Today, there are new standards for companies handling “Controlled Unclassified Information,” or CUI. This data can be considered government-proprietary. It is information the government wants held secure, but is not vital to national security. FAR now is implementing cybersecurity requirements on contractors handling CUI—a far broader set of companies than those doing classified work.

What represents adequate security for CUI under FAR? The set of minimum cybersecurity standards is described in NIST Special Publication 800-171 and broken down into 14 areas:

· Access Control
· Awareness & Training
· Audit & Accountability
· Configuration Management
· Identification & Authentication
· Incident Response
· Maintenance
· Media Protection
· Personnel Security
· Physical Protection
· Risk Assessment
· Security Assessment
· System & Communications Protection
· Systems & Information Integrity

In each of these 14 areas, there are specific security requirements that contractors MUST implement by year’s end.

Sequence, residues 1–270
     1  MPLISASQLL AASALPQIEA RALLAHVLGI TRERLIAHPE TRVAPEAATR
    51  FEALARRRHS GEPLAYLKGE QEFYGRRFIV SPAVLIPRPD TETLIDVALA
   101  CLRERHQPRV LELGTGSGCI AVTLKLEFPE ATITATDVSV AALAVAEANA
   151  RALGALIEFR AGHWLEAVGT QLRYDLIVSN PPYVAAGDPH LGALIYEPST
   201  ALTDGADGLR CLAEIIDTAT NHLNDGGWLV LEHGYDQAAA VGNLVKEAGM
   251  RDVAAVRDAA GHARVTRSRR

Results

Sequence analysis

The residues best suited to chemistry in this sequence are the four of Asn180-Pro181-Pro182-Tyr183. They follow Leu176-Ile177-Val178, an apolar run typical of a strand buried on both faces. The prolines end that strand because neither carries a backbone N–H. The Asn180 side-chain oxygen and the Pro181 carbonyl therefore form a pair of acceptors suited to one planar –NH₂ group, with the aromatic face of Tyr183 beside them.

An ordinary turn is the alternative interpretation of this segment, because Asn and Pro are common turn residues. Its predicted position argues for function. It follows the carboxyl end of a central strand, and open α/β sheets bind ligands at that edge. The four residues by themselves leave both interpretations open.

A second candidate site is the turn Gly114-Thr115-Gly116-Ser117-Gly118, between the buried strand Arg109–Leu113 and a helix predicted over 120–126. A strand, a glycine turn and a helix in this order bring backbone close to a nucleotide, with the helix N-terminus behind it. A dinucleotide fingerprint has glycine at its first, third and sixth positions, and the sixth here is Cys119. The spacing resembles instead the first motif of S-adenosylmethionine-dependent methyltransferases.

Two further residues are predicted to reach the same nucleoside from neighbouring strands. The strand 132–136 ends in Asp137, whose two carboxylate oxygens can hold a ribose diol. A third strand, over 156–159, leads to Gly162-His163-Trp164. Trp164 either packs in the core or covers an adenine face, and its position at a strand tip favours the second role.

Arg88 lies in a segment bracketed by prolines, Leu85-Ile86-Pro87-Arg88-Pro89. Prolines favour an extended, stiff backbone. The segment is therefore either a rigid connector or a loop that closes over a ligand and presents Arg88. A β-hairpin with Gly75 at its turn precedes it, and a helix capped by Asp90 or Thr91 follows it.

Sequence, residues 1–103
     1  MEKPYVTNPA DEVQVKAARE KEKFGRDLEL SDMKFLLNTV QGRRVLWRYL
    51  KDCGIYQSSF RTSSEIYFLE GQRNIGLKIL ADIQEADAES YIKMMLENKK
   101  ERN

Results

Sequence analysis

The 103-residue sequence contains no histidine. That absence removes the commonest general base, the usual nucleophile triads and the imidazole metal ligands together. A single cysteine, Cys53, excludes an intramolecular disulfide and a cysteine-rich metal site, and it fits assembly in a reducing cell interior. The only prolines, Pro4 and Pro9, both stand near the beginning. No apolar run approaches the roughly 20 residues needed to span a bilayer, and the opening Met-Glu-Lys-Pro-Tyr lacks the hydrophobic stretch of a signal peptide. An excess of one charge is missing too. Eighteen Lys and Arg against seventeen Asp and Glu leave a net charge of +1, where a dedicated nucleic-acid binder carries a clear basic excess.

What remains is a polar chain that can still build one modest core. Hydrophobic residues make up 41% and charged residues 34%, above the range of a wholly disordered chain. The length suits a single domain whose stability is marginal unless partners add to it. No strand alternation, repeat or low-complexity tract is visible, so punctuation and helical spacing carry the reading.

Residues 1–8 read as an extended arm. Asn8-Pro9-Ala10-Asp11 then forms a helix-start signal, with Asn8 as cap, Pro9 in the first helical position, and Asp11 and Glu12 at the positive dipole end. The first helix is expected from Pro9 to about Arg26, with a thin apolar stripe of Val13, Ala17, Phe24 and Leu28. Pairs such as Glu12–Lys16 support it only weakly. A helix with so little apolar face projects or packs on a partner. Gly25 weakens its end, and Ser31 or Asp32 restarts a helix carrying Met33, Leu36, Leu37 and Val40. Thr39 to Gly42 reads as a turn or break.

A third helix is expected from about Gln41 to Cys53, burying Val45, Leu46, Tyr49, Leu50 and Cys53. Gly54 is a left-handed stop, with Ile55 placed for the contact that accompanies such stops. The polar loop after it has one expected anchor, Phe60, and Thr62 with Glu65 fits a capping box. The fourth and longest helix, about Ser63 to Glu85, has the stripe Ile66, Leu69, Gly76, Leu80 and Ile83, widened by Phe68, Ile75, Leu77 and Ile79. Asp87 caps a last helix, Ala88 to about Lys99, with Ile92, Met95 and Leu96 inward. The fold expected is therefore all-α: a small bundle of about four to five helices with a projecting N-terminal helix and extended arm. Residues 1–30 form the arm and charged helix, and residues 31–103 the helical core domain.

Remove the weak link.

Companies with fewer than 100 employees generally are very capable in the manufacturing and/or fabrication of products. However, they often lack resources in information technology and physical security, particularly associated with cyber-attacks that clearly pose a threat to the viability of small to mid-sized manufacturers.

According to the Ponemom Institute, the average price for small businesses to clean up after they have been hacked stands at $690,000; and, for middle market companies, it is more than $1 million.

Cybercriminals target small businesses because they are easy, soft targets to penetrate. They steal information to rob bank accounts via wire transfers; steal customers’ personal identity information; file for fraudulent tax refunds; and commit health insurance fraud.

In addition to the fundamental financial threat of cyber-attacks, small to mid-sized manufacturers now face the double threat of losing their respective government contracts should they not conform to the NIST 800-171 standards by December 31, 2017.


Don’t risk losing business. The Center is your best defense.

The Michigan Manufacturing Technology Center has launched a new cybersecurity practice area designed specifically to meet the needs of the state’s small and mid-size manufacturers. Our team of cybersecurity experts will assess a client’s vulnerabilities and tailor a plan specifically for each company’s internal capabilities, budget and time sensitivity. If you have questions about cybersecurity standards, contact our experts at cyber@the-center.org or visit http://www.the-center.org/Our-Services/Cybersecurity.